Sometime over the course of the next few weeks someone is going to do something incredibly stupid. But this isn’t about politics, it’s about Halloween. Free-speech advocates dread the holiday because we know that every year we will have to contend with another viral moment in which someone’s bad attempt at a humorous costume rightfully offends not only some in attendance, but all of Twitter.
In a nation of 350 million, even with COVID-19 making parties rarer, someone somewhere will think it would be a great idea to dress up as George Floyd. It will be a horrible idea, but it’s as predictable as the annual debate about whether candy corn is good. (It is.) And the predictable response will be to condemn free speech for letting this happen.
My modest proposal: Let’s not do any of that this year.
First, for the person who is thinking that would be a great costume idea, stop. It’s not. Yes, the First Amendment protects a whole lot of speech that people may find offensive. “Hate speech” is not a thing under the Constitution. Speech can be both awful and lawful. But the fact that the government can’t stop you from expressing an idea doesn’t mean you should express it. Challenge the status quo? Speak up for what you believe in? YES. Irreverence can even play an important role in how we communicate challenging ideas and uncover truth. But trying to be an unfunny schmuck to own the libs? Just don’t.
But that plea will fall on deaf ears. I know this, and so do you. So how should the rest of us respond?
For campus administrators, Halloween almost invariably results in them being asked to play costume cop, telling students how to dress to avoid offending others. Encouraging students to respect each other is fine. But too often official action goes beyond that, threatening students with disciplinary action for costumes that may offend someone else.
Fostering diversity on campus is critical to both educating students and continued intellectual progress. So is free speech. The two are mutually reinforcing. Free speech makes our diversity meaningful. It turns those statistics into conversations that develop understanding. Free speech is necessary, but it’s necessarily messy. If you intercede in an effort to avoid controversy, you’re likely only to stir more controversy, and fail to stem offense in any case. If you want students to act like adults, treat them like adults. Invite the dialogue that these situations create. You’ll be asked to censor. What if you take the harder path and don’t?
For the media — I know the viral pic of the probably illegally inebriated 18-year-old will go viral. The clicks are there for the taking. But is the predictably bad costume choice of a student — so predictable that I can write this piece in advance — really news? Will this inform readers or play on our existing divisions? Does this speak to the racial-justice issues our country is facing, or does it just remind us that sometimes teenagers make very bad decisions? Important stories sometimes can’t avoid doing all of these, and the press ultimately makes the call on what is and isn’t news. But maybe don’t just do business as usual.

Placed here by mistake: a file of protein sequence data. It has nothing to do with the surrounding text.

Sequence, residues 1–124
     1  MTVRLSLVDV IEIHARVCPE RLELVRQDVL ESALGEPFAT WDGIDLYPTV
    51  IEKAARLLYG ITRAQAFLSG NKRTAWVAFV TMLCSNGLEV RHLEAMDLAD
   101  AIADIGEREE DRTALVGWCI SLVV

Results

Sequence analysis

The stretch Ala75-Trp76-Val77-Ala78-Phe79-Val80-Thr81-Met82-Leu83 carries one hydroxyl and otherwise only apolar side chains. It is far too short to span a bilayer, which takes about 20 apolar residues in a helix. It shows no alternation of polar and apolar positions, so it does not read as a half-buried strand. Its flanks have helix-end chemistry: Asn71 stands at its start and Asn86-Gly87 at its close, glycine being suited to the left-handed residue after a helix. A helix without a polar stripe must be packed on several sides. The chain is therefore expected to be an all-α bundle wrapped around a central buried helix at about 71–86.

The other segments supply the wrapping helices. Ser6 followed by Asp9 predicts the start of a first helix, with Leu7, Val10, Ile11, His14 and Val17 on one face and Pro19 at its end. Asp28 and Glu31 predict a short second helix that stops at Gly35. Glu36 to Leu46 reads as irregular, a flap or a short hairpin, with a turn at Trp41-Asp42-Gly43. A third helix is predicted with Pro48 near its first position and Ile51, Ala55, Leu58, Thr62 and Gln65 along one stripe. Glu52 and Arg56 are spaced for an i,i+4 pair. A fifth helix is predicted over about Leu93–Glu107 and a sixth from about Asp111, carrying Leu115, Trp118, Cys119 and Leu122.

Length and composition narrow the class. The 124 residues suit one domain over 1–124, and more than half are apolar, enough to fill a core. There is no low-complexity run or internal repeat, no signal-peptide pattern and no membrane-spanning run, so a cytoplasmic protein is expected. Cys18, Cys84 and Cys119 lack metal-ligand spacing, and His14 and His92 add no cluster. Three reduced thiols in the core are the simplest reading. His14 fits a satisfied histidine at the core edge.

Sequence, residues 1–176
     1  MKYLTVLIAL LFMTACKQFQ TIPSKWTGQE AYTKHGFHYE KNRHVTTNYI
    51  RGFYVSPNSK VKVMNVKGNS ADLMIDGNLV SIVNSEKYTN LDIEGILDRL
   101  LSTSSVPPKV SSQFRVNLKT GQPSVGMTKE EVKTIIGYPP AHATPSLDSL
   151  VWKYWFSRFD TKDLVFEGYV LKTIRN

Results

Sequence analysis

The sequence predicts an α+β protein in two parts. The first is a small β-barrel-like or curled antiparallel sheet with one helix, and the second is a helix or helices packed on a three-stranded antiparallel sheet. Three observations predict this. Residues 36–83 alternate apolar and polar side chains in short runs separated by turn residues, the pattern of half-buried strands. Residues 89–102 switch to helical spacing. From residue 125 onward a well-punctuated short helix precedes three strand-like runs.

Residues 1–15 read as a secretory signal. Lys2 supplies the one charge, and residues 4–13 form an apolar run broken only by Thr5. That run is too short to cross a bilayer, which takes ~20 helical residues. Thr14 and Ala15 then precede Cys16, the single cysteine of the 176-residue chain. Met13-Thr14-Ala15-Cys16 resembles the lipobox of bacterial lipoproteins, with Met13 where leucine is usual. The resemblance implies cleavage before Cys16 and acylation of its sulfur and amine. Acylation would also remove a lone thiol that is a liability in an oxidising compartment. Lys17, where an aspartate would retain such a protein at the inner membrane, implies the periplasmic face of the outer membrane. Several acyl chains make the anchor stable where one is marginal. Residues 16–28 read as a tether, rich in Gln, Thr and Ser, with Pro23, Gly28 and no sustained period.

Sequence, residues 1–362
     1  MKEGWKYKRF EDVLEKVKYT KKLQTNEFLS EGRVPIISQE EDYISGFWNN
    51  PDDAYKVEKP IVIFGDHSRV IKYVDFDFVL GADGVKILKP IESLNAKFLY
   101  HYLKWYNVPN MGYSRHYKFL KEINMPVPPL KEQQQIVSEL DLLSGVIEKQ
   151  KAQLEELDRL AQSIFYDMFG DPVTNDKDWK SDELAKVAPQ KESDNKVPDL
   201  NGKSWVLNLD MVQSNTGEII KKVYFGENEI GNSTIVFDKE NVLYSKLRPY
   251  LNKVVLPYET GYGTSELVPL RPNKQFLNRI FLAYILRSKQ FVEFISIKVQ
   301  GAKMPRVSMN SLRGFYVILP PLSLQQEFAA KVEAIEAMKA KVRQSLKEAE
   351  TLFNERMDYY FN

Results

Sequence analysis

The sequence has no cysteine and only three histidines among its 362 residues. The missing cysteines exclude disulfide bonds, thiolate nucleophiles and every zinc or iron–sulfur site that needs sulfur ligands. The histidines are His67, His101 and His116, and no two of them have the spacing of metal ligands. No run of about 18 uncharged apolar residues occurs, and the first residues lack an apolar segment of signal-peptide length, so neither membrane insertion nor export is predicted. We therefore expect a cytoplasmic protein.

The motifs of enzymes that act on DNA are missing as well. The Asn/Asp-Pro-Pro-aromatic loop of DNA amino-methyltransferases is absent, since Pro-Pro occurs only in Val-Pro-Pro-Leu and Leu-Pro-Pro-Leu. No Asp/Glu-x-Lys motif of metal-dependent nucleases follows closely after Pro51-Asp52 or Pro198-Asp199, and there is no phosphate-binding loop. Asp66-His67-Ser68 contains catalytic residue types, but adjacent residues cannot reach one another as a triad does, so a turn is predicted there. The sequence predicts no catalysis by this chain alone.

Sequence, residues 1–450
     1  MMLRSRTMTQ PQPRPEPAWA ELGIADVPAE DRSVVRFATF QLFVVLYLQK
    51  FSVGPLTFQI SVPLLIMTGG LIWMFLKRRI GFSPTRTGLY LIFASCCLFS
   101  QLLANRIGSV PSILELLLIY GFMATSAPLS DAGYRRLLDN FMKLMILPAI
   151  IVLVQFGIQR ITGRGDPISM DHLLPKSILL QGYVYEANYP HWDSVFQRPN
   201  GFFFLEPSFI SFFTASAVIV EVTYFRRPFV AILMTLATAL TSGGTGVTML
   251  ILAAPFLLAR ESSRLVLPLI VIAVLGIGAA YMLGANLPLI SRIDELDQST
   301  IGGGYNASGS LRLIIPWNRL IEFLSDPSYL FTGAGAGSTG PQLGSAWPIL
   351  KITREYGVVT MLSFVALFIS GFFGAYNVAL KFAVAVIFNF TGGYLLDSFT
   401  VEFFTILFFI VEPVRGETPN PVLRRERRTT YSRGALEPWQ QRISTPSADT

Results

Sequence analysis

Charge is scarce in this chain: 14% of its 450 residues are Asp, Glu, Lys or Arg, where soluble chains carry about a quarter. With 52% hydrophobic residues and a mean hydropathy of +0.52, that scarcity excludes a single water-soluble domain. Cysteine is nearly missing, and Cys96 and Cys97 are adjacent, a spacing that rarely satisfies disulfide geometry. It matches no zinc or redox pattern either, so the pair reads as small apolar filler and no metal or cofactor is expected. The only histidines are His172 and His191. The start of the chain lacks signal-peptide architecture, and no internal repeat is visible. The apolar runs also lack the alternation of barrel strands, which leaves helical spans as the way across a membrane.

And for the rest of us — when the kid makes the bad choice, the administrators respond too aggressively, someone in the media and then social media spins up in baffled dismay at the all-too-predictable (and preventable) spectacle — you still have the choice. Let’s not.
It’s best not to draw conclusions about the state of the nation (or the state of anything else) from a photo of an 18-year-old who made a terrible decision about a Halloween costume. And it’s definitely a bad idea to draw conclusions about whether the very First Amendment that protects your freedom to speak and worship and assemble is the monster in this Halloween story.
You know that civil liberties are the solution to our uncivil times, not their cause. Sure, viral moments like these — when people use civil liberties in lamentable ways — will get outsized attention. But when you’re asked to judge the value of free speech by its use by that one 18-year-old kid? Let’s not.
Free speech is on firm legal ground. Over the past four decades the Supreme Court has ensured greater protection of free speech than at any time in our history. But legal rights are only as secure as the cultural footing they are moored in. Halloween is one of our annual tests — when we’re asked if we will agree that the First Amendment goes too far and “bad speech” should not be protected. This year, let’s not.